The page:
The carefully elaborated numerous end-of-chapter problems are another indicator of this high quality textbook. Although they vary significantly in scope and difficulty, the author pays close attention to the fact that after studying the associated chapter all problems can be solved independently and without any additional resources. Many problems were inspired by the results of current research papers. In this context, it is somewhat similar to the reference book by Gladwell (1980), which is also limited to elastic contacts and enriched by end-of-chapter problems. However, the study of Gladwell's book requires advanced knowledge in the field of integral transformations, since almost all contact problems are solved in this way. Therefore, it is more a (to be updated) reference book than a textbook.
“Contact Mechanics” by James R. Barber will greatly facilitate the work of many PHD students and prospective researchers, since the widely scattered research contributions of the last 30 years have now been summarized in one specialized book. Furthermore, it serves experienced research scientists both as a reference book and a source of inspirations which will undoubtedly result in new research impulses.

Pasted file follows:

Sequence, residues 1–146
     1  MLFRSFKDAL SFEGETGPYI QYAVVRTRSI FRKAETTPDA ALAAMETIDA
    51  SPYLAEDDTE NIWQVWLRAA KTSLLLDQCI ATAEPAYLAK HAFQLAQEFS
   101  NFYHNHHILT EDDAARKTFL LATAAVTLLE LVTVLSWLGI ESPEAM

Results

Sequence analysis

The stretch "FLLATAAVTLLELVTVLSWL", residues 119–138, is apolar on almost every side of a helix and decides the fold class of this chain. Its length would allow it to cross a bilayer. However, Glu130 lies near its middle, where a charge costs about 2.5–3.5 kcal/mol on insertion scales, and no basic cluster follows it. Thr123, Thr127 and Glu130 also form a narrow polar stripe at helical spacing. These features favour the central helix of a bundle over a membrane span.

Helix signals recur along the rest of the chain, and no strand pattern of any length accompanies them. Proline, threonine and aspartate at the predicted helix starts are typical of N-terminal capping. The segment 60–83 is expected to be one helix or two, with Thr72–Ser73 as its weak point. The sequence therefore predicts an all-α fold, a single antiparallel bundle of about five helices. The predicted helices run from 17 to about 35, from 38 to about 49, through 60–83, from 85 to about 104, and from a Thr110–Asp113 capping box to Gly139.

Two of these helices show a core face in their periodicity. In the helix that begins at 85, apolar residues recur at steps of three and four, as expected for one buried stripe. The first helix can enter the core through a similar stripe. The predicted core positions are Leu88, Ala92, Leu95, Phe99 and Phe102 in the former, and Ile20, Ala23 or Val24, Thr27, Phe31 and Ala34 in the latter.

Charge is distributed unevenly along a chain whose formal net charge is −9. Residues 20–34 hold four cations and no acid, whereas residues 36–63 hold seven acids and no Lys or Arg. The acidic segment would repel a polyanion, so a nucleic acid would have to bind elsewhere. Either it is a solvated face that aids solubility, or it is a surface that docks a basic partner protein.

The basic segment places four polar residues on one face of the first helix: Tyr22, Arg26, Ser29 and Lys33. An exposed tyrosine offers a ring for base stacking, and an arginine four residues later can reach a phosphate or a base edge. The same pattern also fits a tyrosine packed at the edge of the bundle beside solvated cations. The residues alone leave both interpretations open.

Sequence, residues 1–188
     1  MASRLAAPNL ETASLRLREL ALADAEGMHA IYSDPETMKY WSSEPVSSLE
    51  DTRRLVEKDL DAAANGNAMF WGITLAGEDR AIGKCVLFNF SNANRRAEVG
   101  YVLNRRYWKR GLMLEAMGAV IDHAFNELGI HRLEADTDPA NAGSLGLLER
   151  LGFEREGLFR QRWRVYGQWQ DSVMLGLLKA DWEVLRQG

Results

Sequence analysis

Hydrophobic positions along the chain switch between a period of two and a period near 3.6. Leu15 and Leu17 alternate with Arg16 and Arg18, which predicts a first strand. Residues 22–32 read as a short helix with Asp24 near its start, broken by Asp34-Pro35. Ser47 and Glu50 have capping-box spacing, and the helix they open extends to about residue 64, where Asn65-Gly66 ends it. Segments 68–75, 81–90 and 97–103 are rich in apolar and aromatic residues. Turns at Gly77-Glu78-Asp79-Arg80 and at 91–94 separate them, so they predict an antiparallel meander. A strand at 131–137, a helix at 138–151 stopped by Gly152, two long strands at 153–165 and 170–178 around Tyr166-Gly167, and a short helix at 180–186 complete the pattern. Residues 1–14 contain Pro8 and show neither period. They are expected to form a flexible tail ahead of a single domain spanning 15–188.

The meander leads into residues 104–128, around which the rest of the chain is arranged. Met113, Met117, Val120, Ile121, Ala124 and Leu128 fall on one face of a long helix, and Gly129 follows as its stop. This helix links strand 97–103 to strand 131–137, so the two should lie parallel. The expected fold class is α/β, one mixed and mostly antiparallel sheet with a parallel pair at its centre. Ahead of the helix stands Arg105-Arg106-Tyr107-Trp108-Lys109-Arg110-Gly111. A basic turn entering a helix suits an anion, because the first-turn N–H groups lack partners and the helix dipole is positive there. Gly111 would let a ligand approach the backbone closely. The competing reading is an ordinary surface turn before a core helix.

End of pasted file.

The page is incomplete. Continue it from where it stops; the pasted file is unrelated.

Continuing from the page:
The author confirms being the sole contributor of this work and has approved it for publication.
Conflict of Interest Statement
The author declares that the research was conducted in the absence of any commercial or financial relationships that could be construed as a potential conflict of interest.
Keywords: normal contact, tangential contact, friction, wear, adhesion, contact of rough surfaces, contact mechanics
Citation: Heß M (2018) Book Review: Contact Mechanics. Front. Mech. Eng. 4:11. doi: 10.3389/fmech.2018.00011
Received: 17 August 2018; Accepted: 03 September 2018;
Published: 20 September 2018.
Edited and reviewed by: Ken Nakano, Yokohama National University, Japan
Copyright © 2018 Heß. This is an open-access article distributed under the terms of the Creative Commons Attribution License (CC BY). The use, distribution or reproduction in other forums is permitted, provided the original author(s) and the copyright owner(s) are credited and that the original publication in this journal is cited, in accordance with accepted academic practice. No use, distribution or reproduction is permitted which does not comply with these terms.
*Correspondence: Markus Heß, email@example.com